THE concept that fracking will industrialise the countryside has been thoroughly rebutted many times and it is important to consider the history of the onshore oil and gas industry (Paul Andrews, The Yorkshire Post, August 16).
Most people don’t know that over 2,100 wells have been drilled onshore in the United Kingdom, and that the several hundred wells standing at less than two metres tall are operating quietly today producing energy for the UK. These sites are typically not even noticed by passers-by.
By contrast wind and solar are very visible and the UK’s Committee on Climate Change has forecast a potential trebling of onshore wind capacity, and an order of magnitude increase in onshore solar farms.
Coun Andrews is wrong to think that we can just develop wind offshore and that wind can replace our gas requirements. Many opponents to a shale gas industry promote onshore wind and solar installations as preferable to a small well pad. Both these renewables would be very visible, require vast tracts of land and major infrastructure of roads, pylons, sub stations as well as the battery farms required to store the power.
Will Coun Andrews oppose these projects given the potential land use requirements? In order to minimise the land use required per unit of energy in the UK, shale gas development is the best onshore technology solution to meet the UK’s energy needs.
His suggestion that we could re-open the coal mines at the drop of a hat if Putin turns off our gas tap beggars belief. We have closed nearly all coal power stations to save the planet because coal is by far the worst way to generate electricity for CO2 emissions. I question whether Coun Andrews is really living on the same planet as the rest of us?
From: Paul Brown, Sheffield.
IT was once conventional wisdom that rain clouds were produced by drops of water accumulating around particles of soot or dust in the atmosphere. The closure of the coal industry, and the associated heavy engineering in this country, has resulted in a clean-up of the atmosphere.
This has had the entirely predictable result that rather than the dull, drizzly weather which was once a feature of British life we now have dry weather until the level of water vapour in the atmosphere reaches saturation resulting in a deluge of heavy rain. In my opinion, this is a result of changes in policy which have nothing to do with climate change.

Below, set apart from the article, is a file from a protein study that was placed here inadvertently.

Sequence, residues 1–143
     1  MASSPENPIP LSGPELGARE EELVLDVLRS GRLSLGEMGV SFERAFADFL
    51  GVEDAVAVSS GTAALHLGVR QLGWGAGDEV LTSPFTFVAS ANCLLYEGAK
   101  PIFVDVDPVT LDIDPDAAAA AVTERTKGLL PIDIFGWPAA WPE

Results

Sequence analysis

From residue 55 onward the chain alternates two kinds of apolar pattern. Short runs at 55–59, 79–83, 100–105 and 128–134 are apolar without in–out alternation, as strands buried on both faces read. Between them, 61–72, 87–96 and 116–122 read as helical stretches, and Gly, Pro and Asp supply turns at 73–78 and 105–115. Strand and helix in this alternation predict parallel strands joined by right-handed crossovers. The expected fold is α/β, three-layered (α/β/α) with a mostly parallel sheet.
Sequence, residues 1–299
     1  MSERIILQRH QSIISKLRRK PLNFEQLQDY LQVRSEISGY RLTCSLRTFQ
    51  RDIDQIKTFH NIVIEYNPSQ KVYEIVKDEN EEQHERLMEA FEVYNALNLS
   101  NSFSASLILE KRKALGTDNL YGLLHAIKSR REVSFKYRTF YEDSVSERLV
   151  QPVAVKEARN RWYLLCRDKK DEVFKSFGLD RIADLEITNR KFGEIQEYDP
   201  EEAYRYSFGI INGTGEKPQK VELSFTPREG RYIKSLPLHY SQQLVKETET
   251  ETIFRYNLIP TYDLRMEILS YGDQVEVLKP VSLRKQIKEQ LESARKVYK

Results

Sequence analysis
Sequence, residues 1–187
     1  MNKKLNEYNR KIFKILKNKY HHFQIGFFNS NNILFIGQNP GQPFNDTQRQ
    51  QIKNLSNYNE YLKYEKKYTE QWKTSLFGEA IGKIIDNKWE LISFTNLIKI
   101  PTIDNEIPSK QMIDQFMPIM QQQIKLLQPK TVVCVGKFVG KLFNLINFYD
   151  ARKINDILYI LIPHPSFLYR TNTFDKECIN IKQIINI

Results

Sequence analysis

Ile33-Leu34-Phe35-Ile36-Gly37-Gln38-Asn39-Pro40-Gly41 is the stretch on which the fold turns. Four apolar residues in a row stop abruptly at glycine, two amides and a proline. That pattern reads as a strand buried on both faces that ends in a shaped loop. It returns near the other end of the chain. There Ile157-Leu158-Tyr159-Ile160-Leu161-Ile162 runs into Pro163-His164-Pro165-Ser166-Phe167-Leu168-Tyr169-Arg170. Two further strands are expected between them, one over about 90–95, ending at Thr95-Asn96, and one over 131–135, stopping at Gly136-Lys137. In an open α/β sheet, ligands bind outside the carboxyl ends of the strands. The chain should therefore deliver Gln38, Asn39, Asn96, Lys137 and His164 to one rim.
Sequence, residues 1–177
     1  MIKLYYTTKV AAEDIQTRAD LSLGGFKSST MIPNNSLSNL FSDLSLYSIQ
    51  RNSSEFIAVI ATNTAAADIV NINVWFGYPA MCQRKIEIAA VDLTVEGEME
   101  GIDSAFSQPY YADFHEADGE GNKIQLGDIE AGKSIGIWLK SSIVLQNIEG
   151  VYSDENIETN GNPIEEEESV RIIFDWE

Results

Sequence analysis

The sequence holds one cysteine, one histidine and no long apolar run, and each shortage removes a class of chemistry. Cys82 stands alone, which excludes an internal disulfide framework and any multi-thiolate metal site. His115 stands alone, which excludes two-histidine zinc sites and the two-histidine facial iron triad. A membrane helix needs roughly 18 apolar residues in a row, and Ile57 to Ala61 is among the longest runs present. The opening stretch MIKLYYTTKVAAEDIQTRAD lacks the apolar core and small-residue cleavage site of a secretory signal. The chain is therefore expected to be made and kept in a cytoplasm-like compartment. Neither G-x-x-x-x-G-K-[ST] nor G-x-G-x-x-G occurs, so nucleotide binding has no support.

From: Jean Dann, Stainland, Halifax.
WITH regard to the comments on climate change by Arthur Quarmby (The Yorkshire Post, August 10), it should be noted that change happened much more slowly in the past, giving time for adjustment. Now things are speeded up and it behoves all of us to heed the warnings and take more care of our planet.
In Craven’s footsteps
From: John Jewitt, Ilkley.
HAVING always enjoyed John Craven’s TV programmes, I was interested to read your interview with him (The Yorkshire Post, August 10).
I was pleasantly surprised to read that he grew up in Grimthorpe Street in Headingley. I lived in Winston Gardens, two streets away from him. I can only think that I never met him because he is six years older than me.
I then read that he had a morning paper round at Stirk’s newsagent, and memories of Sidney Stirk, his wife Olive, his daughter Barbara and grandson Michael came flooding back as I also did a paper round there. I began to feel a bit uncomfortable when I then read of his work at Headingley Cricket Ground collecting cushions after games, as I too did that, and I had a Phillips record player!
The Lounge cinema (1s/3d in the stalls in those days – 6p in today’s money) and Brett’s fisheries were also favourite haunts for me – memories of Charlie Brett and his daughter Jane came flooding back.
I really found it almost unbelievable that he went to Leeds Modern School as did I, but the real killer blow came when I read that he left there to take up a commercial apprenticeship at Yorkshire Copperworks – yes, you’ve guessed it – so did I, albeit at 18 in my case.
It seems by now quite natural to finally read that he had earlier attended Bennet Road County Primary School where the headmaster was Mr Pepper. I wonder if he was taught by Mr Sinclair and Miss Johnson as I was during my time there?
Just to round the coincidences off, I later lived in Otley for a few years and therefore share John’s affection for the Chevin. I then spent quite a few hours contemplating what seemed a real case of “deja vu”!